But when the government asked the chamber late Monday to continue debating the legislation after midnight, to ensure it could be adopted by the end of the week, the right-wing Republicans (LR) teamed up with the far-right and far-left to stop the debate.

In an embarrassment for Macron’s Republic on the Move (LREM) party that controls parliament, not enough of its lawmakers were still present in the chamber when the vote by a show of hands was taken on continuing the debate.

French media said the surprise move by the LR — which has backed the main thrust of the legislation — pointed to rising political tensions ahead of April 2022 presidential elections, which Macron appears the favourite, but is not certain, to win.

Government spokesman Gabriel Attal lashed out at a “procedural coup” by opposition lawmakers, saying they wanted to “derail the calendar” for the vaccine pass for purely political reasons.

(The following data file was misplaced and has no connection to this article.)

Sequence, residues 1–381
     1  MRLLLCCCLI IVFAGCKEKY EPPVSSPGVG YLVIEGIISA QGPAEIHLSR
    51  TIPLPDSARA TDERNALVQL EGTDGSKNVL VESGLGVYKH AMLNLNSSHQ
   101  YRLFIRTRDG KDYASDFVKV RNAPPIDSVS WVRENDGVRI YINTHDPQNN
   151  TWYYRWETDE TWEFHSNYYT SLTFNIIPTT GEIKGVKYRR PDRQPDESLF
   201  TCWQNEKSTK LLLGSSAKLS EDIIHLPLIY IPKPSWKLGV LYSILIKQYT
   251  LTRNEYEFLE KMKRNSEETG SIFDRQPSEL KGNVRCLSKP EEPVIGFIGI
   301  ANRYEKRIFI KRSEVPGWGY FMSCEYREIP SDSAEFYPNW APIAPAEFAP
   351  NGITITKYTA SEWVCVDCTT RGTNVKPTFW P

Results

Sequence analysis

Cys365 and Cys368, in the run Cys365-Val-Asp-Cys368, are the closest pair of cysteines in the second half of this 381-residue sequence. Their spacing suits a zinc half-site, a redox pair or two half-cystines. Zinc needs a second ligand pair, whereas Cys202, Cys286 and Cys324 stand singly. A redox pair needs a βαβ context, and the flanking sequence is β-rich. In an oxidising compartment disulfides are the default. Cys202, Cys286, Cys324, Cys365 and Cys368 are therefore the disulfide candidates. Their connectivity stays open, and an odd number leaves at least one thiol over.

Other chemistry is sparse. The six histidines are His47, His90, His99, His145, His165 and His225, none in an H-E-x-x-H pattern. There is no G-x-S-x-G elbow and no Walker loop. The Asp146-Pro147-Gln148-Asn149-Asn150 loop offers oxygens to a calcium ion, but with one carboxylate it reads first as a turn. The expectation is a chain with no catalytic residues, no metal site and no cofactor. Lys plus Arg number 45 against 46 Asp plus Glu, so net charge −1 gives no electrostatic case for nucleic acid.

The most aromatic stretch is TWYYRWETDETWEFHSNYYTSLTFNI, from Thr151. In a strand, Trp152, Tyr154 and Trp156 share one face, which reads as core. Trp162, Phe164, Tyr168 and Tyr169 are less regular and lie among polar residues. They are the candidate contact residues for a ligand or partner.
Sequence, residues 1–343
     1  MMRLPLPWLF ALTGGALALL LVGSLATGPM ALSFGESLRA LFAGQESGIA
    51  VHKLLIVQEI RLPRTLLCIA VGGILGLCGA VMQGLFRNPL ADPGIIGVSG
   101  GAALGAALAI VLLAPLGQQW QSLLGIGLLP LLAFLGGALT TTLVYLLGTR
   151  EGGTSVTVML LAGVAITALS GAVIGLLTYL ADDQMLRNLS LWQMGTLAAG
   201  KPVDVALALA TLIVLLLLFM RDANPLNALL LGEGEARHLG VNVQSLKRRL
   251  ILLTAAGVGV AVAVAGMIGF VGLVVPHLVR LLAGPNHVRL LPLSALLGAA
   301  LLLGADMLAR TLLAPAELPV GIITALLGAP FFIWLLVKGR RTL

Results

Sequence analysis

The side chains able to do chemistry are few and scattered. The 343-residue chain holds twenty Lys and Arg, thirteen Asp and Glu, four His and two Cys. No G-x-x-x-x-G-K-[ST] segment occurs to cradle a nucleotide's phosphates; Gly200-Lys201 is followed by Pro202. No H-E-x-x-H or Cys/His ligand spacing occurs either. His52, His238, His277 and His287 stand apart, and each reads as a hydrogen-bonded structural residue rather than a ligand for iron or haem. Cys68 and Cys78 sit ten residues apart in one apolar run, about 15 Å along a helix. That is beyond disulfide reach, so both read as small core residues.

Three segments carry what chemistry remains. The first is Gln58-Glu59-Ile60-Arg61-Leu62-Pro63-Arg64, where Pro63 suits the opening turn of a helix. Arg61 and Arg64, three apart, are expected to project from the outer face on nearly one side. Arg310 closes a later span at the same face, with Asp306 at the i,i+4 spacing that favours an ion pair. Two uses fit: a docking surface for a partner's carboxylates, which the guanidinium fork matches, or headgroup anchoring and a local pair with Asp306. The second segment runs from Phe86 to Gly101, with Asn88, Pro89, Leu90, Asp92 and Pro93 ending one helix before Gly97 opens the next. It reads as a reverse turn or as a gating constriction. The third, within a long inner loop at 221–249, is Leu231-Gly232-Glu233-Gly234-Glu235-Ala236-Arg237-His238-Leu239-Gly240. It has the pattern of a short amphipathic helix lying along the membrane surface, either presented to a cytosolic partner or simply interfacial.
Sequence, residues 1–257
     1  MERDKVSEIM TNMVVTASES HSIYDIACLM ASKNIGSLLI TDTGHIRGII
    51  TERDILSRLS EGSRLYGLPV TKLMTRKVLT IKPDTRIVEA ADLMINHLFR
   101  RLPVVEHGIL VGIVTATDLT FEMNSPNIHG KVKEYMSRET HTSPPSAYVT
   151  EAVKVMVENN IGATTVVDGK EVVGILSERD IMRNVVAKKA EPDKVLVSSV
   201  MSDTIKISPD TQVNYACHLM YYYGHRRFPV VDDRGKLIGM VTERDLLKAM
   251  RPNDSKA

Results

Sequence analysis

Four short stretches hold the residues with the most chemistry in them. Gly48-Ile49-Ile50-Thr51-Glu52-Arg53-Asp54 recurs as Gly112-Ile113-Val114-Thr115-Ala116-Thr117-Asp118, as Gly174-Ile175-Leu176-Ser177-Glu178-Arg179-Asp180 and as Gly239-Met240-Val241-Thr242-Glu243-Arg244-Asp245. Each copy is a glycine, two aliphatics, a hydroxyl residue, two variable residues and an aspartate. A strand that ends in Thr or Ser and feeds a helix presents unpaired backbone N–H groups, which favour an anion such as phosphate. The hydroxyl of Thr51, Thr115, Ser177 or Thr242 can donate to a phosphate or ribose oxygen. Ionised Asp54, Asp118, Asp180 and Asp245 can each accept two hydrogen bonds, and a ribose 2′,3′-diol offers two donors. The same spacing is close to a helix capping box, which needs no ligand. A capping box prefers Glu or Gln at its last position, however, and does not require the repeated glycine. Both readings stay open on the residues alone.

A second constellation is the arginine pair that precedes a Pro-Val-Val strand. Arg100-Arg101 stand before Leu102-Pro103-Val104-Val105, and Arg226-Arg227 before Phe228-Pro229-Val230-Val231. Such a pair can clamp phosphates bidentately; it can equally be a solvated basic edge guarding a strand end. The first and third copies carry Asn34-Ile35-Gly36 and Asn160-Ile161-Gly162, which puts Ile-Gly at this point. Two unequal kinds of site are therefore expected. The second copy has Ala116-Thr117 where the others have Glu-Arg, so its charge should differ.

“We will do everything to stick to the calendar as has been set out,” he told France Inter radio. The government wants the new legislation to be implemented from January 15.

The debate was due to resume late Tuesday, parliamentary sources said, with 500 amendments filed by the opposition to be discussed and lawmakers facing another late night.

Member comments

  1. Wow, 300,000 that’s shocking! I’ve been indoors with a broken knee for the last two months but when I went to the Casino supermarket yesterday in the south of France I couldn’t believe how many people weren’t wearing masks or weren’t wearing them properly. It made me kind of angry!!! lol

    1. In the UK, after going though all the hoops to get in, the signs outside Sainsburys etc., INVITE you to wear one if you feel like it.

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OPINION &ANALYSIS

OPINION: If France is to belong in a multicultural world it must accept its Muslim women